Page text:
North Carolina State University has obtained a patent for a chemical that could become a safer, more effective bug repellent.
In search of a mosquito repellant, scientists there were studying synthetic versions of a protein normally found in the gut of larval mosquitoes, where it makes the larvae stop eating at the appropriate time.
When team member R. Michael Roe looked at the molecular shape of the proteins, he noticed that their structure was similar to a compound in tomatoes that protects them from plant-eating insects.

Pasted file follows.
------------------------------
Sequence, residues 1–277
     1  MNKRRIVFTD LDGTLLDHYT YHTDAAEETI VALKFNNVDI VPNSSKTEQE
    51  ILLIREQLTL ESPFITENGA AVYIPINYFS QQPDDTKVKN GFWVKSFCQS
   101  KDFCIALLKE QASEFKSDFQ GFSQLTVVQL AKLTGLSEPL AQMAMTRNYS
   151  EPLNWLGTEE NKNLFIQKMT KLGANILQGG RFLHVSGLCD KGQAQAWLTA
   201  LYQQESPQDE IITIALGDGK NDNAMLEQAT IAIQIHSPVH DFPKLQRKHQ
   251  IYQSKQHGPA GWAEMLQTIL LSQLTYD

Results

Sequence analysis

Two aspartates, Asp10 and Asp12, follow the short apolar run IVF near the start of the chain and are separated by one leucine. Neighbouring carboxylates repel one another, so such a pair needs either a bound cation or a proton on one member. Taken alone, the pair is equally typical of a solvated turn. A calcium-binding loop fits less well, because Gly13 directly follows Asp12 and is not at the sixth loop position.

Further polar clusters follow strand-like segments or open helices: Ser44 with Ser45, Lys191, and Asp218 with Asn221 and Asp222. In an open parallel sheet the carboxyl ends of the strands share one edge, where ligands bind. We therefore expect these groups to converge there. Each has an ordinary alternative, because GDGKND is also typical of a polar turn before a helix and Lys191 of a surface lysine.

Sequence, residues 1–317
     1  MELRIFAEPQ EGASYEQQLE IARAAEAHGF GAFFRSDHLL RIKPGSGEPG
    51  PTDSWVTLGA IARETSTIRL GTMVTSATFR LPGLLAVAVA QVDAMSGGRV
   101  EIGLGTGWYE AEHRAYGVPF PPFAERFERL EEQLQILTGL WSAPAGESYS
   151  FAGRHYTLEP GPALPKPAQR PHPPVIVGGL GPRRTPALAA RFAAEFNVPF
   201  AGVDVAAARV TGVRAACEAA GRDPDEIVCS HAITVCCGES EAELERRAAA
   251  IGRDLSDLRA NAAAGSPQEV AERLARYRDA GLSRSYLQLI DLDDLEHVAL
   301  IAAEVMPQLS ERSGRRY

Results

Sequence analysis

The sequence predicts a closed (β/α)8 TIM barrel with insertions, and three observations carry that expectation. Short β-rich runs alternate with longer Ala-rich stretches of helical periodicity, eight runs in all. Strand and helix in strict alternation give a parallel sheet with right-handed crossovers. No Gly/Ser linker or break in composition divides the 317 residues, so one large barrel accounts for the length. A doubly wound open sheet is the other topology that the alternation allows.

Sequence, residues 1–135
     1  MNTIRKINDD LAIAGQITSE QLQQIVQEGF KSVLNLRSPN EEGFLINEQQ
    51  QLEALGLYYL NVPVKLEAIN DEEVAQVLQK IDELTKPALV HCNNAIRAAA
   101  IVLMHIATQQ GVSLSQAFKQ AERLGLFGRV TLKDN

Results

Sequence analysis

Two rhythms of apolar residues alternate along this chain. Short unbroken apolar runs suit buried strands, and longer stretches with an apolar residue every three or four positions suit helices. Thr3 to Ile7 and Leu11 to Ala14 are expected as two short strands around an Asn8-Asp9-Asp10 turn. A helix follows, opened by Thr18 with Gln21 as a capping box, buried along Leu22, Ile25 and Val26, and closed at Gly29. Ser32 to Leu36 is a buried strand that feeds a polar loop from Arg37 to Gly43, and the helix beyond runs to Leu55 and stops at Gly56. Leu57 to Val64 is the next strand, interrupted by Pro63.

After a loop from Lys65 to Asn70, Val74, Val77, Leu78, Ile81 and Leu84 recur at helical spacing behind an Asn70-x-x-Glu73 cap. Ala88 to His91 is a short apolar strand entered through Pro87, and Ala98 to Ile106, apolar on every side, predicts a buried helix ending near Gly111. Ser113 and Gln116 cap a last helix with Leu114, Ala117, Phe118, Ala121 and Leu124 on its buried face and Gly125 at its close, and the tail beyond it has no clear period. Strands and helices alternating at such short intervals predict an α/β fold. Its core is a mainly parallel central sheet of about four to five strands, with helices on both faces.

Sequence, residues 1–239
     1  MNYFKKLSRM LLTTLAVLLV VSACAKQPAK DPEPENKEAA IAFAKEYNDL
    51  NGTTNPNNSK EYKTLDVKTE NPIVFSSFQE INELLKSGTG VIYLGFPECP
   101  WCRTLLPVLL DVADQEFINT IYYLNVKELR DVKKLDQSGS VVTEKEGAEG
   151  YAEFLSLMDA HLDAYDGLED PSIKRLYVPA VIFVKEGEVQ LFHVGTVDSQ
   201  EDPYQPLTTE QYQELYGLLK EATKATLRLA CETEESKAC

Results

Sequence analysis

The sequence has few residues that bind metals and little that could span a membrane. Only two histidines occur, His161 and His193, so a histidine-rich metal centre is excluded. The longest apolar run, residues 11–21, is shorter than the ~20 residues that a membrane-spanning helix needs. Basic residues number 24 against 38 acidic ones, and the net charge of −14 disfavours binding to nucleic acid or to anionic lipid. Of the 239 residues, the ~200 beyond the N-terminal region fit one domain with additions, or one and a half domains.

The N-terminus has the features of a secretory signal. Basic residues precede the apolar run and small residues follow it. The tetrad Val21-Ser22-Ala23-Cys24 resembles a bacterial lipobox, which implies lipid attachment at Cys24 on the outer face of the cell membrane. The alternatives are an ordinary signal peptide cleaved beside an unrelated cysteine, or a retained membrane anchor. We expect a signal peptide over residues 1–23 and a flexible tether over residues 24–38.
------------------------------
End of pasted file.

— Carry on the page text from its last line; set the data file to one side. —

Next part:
"On a whim," Roe says, he tested the tomato compound to see if it repelled bugs other than those that attack tomatoes. When he applied the natural chemical to food offered to cockroaches, he found the pests "would rather starve than touch it."
When he put it on cloth in a mosquito cage, the insects flew the other way.